30 years ago, the original Il-114 performed its maden flight. The type received type certification in 1997, and started revenue services in 2000. In Uzbekistan’s capital city of Tashkent, Ilyushin’s design house developed a prototype and the TAPO factory built 17 more.
Up until May 2018, the last production examples flew on the route network of Uzbekistan Airways (HY). Today, Russia operates as a test bed for maritime defense systems with only one example.
Following a cold East-West partnership, the Kremlin agreed to re-launch development of the Il-114 turboprop at RAC MiG in place of an earlier attempt to license the Bombardier Q400 twin turboprop for production.
The Il-114-300 is designed to accommodate 68 passenger seats and can cruise at a speed of 270 knots to a full-payload range of 755 nautical miles. At the RAC MiG plant in Lukhovitsy, in the Moscow Region, UAC assigned the final assembly of the fuselages and the entire aircraft. Significant sub-assemblies will be collected from Sokol, Aviastar in Ulyanovsk, and VASO in Voronezh.
The Il-114-300 is comprised almost exclusively of Russian vendor products under orders from the Kremlin. This is more notably seen in the replacement of the Pratt & Whitney PW127 engines with the Klimov powerplants in the Il-114-100. Separately, a similar kit from Russia’s KRET gives way to the Collins avionics system. The Il-114-300 features a glass cockpit for two Pilots on five large-format multifunction screens.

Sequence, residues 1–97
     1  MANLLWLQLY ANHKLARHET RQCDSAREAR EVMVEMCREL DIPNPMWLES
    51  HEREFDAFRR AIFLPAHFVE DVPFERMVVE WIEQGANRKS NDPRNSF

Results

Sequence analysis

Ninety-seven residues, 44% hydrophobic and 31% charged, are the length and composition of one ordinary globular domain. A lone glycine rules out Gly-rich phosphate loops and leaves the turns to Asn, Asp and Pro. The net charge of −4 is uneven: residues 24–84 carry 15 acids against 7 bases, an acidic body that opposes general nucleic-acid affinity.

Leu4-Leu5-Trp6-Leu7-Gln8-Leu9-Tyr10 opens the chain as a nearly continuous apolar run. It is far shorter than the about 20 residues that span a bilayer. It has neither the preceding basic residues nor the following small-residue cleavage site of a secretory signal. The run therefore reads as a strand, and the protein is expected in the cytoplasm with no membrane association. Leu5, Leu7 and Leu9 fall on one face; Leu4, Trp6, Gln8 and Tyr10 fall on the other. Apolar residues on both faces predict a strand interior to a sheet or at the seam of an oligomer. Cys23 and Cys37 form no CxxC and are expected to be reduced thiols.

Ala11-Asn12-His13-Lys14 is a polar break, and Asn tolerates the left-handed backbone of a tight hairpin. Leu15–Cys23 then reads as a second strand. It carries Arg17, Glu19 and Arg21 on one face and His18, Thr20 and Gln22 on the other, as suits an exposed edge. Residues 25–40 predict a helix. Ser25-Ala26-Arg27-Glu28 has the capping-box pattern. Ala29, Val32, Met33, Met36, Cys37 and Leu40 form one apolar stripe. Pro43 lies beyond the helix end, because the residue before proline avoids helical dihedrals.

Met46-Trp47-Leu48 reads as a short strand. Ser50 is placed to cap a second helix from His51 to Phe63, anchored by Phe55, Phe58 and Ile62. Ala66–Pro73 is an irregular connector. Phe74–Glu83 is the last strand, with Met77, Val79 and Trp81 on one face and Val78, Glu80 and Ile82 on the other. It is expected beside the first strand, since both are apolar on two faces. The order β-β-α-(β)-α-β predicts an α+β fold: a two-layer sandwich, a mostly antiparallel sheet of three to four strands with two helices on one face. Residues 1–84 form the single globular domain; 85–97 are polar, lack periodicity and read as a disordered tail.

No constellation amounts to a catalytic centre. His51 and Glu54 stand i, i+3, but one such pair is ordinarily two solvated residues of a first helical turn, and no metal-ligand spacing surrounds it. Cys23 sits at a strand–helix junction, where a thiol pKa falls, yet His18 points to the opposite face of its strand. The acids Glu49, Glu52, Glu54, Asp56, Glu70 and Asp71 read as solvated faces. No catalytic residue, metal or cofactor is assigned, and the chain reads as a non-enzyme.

The first Il-114-300 turboprop takes off on December 16 from the Zhukovsky airfield outside Moscow. Photo:UAC
MIAMI – The Russian-designed Ilyushin Il-114-300 turboprop flew today for the first time from Zhukovsky International Airport (ZIA) outside Moscow. With the flight, Russia moves a step closer to launching a new short-range indigenous turboprop for local operators.
According to the Ilyushin parent company, United Aircraft Corporation (UAC), the new Il-114 version, powered by Klimov TV-7-117ST-01 turboprop engines, would ensure air mobility in remote regions with poor airfield infrastructure and harsh climates, such as the northern and far eastern regions of Russia and Siberia.
Source:: “Airways Magazine”